Despite some lingering snow patches and brisk morning temperatures, it appears as though spring is finally here in Helena. Lawns are slowly greening back up, nursery shelves are being stocked and most days you can get away with only wearing a light jacket outside.
By the time Montana’s short growing season commences, gardeners are bustling to make the most out of each day in the dirt. But before you dust off your spade and run outside to plant your flowers or tend to your vegetable garden, here are a few tips for getting your spring garden green and beautiful by the time the season reaches its peak.
First, be patient. Terry Johnson, owner of Johnson’s Nursery and Gardens in Helena, stresses patience above all other tips for spring gardening. Montana’s most recent winter was particularly harsh and drawn-out, which is why people are extra antsy to get outside. But if you start planting tomatoes or annuals too soon, they may not last very long.
About a month before planting, take some time to clean up your garden area and tools so everything is ready to go when it’s time to start working the soil. Clear out leaves and fallen branches from your flower beds. Fix broken gates and fences and make sure all your tools are clean and in working condition. Cleaning your tools not only ensures that they last longer and perform better, but it also helps prevent the accidental spreading of disease-causing pathogens in your garden.
Before moving on to actual planting, Johnson shared that soil preparation is critical. But time this step just right. To do so, Johnson advises to look at the wetness of the soil. Depending on where you live in town, the ground may still be too wet to work with. Johnson’s nursery, located off of McHugh Lane in the Helena valley, still receives a layer of frost in the mornings and is not warm enough to plant in yet.
“You can’t work with the soil yet,” said Johnson. “Right now the moisture content is too high and it will just gum up and create clay balls. The soil temperature is also not very warm yet, which is critical for the germination of seeds.”
How do you know when the soil is ready to be worked with? One tried-and-true method is the squeeze test. Grab a fistful of garden dirt and squeeze. If it easily forms a ball that doesn’t crumble, it’s not ready. But if it breaks into granules as you squeeze (because there isn’t enough moisture to allow it to clump) then it’s ready. One exception to this would be if your soil is particularly heavy in clay, which will naturally clump more easily.
Once your soil is dried out enough to work with, Johnson recommends rototilling the soil before planting. Rototilling not only takes care of any pesky weeds, but it also “fluffs up” the soil which allows it to get more sunlight and thus warm up faster.
Prior to rototilling, Johnson likes to add amendments to the soil to improve the structure and also increase the organic content so it is capable of holding more nutrients and moisture. Fertilizers like manure, peat moss or compost are all suitable options. After distributing the fertilizer atop the soil, Johnson will then rototill to better distribute the amendments into the soil.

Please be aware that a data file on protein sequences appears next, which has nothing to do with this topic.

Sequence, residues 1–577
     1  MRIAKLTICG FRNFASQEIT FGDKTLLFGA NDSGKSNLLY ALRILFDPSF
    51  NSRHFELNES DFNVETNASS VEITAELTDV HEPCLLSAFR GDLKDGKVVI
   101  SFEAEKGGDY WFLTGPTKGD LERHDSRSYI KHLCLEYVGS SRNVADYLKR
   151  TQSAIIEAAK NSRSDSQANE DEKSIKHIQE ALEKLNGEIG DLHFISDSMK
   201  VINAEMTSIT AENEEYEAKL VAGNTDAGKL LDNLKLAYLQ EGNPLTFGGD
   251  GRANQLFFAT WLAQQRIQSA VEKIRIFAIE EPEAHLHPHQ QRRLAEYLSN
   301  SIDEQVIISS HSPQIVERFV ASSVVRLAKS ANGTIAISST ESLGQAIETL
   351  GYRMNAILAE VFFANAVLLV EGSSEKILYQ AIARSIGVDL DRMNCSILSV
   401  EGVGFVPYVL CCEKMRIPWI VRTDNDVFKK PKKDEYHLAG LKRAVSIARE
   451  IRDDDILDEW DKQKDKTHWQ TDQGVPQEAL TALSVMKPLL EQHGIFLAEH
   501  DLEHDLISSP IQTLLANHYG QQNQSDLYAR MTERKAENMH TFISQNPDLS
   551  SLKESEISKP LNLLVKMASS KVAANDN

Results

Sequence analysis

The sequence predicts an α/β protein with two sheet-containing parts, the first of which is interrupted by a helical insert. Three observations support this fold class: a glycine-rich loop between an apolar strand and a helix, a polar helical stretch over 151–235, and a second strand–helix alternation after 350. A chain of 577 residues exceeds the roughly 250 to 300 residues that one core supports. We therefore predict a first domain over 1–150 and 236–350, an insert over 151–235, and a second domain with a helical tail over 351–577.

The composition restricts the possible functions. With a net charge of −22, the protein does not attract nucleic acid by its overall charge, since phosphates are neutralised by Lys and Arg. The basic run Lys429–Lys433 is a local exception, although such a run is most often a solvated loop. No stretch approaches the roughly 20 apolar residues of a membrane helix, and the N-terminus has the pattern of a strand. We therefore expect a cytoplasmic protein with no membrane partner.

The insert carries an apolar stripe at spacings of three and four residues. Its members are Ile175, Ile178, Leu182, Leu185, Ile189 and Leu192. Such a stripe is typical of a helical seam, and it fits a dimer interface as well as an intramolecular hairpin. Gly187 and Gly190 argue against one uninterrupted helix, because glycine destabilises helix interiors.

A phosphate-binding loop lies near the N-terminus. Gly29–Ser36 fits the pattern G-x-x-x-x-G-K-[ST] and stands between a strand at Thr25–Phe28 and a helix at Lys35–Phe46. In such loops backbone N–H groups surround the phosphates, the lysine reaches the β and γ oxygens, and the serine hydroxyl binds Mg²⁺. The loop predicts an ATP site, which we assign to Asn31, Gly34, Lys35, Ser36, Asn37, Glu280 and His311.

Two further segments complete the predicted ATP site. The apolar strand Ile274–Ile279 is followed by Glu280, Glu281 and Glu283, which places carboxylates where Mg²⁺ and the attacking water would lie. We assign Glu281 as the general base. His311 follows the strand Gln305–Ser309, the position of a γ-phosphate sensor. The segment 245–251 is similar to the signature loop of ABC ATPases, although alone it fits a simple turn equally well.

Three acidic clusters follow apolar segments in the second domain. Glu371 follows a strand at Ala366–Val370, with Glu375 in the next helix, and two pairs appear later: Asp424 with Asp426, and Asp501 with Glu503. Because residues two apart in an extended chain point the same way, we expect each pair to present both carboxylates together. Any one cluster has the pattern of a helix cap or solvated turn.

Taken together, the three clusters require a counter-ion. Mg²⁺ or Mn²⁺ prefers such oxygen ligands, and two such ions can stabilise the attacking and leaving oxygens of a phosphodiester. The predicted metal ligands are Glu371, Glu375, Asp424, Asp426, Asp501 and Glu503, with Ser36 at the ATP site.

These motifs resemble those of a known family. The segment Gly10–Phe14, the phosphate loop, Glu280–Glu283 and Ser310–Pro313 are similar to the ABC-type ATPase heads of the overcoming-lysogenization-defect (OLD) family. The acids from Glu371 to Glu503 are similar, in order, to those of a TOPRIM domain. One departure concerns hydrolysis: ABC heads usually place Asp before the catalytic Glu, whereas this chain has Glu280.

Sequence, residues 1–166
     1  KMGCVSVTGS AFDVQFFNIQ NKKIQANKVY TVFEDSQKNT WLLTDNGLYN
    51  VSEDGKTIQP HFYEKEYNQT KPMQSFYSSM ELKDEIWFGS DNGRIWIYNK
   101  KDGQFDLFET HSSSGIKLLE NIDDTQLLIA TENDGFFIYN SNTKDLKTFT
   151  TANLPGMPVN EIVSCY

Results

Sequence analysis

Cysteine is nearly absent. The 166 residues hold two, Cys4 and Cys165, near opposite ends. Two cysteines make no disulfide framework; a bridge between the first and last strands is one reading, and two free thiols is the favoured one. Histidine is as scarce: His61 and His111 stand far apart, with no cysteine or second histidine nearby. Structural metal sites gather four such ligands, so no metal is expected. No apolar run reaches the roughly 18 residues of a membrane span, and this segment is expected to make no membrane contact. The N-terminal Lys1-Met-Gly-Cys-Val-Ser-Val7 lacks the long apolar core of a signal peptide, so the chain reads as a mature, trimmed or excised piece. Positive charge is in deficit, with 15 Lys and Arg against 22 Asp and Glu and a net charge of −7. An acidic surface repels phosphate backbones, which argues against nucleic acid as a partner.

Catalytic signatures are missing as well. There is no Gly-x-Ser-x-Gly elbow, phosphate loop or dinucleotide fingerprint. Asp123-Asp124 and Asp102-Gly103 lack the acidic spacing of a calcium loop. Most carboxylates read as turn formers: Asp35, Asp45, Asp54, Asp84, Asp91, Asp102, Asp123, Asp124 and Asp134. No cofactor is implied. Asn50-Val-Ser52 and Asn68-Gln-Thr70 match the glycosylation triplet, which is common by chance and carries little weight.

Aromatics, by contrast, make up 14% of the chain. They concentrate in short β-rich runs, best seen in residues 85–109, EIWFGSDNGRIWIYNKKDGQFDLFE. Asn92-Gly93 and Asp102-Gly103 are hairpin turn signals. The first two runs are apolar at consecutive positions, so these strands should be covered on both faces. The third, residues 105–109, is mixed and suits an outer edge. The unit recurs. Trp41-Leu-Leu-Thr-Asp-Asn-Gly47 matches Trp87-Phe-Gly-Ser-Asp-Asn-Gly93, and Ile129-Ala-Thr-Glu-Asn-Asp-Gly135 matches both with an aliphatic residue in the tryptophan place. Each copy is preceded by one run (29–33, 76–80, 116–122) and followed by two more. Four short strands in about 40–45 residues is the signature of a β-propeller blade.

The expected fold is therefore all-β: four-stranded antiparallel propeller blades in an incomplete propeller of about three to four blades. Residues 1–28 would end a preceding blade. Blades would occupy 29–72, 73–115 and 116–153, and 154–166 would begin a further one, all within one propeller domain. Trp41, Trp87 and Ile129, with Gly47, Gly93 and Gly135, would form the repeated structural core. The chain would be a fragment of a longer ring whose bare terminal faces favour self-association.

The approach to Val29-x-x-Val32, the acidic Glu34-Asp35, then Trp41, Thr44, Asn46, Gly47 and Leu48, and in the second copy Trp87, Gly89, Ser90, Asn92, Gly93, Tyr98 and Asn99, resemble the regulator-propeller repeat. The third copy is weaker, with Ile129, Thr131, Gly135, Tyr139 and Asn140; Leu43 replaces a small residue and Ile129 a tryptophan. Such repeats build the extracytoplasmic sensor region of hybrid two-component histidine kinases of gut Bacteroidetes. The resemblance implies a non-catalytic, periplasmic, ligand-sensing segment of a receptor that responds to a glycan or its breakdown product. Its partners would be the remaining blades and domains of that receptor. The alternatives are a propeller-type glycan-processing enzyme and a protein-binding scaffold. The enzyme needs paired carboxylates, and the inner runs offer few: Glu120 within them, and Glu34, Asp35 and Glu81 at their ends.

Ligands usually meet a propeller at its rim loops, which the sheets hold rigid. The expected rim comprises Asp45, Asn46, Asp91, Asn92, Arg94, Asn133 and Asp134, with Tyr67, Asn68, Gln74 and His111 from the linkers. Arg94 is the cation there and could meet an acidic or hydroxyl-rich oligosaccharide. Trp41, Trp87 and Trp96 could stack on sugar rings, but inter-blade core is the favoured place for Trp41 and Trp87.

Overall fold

Once your soil is ready, it’s time to start planting seeds or transplanting those plants you started indoors. But stay mindful of dropping temperatures overnight that may render the soil too cold for planting.
Cold tolerant vegetables like onions, cabbage, cauliflower, and broccoli are some of the first vegetables Johnson suggests planting. Hold off planting veggies like tomatoes and peppers until temperatures get warmer.
One flower Johnson said people can start planting early is the pansy. The pansy is perfect for all gardeners who are itching to get outside and plant something now. Despite its delicate features, pansies are tough little plants and can be planted early in the spring long before other flowers.
“Pansies are extremely hardy and thrive in colder weather,” said Johnson.
Johnson also shared that this is a good time of year to plant trees. Because it’s still colder out, newly planted trees won’t require such extensive watering and some of the normal transplant shock is alleviated. For established trees, spring is also a good time to prune before the sap starts to run through them.
With temperatures on the rise and the Helena Farmer’s Market season officially underway, the long, pleasant days of gardening you’ve been dreaming of all winter are just around the corner. But remember, be patient and take the necessary precautions before diving into that rich soil.
“Gardening in Helena really is difficult at best,” said Johnson. “The hardest part is the temptation of the warmer weather that makes you want to go outside and start planting. I just caution people to resist the temptation because if people plant too early they might end up getting frustrated.”
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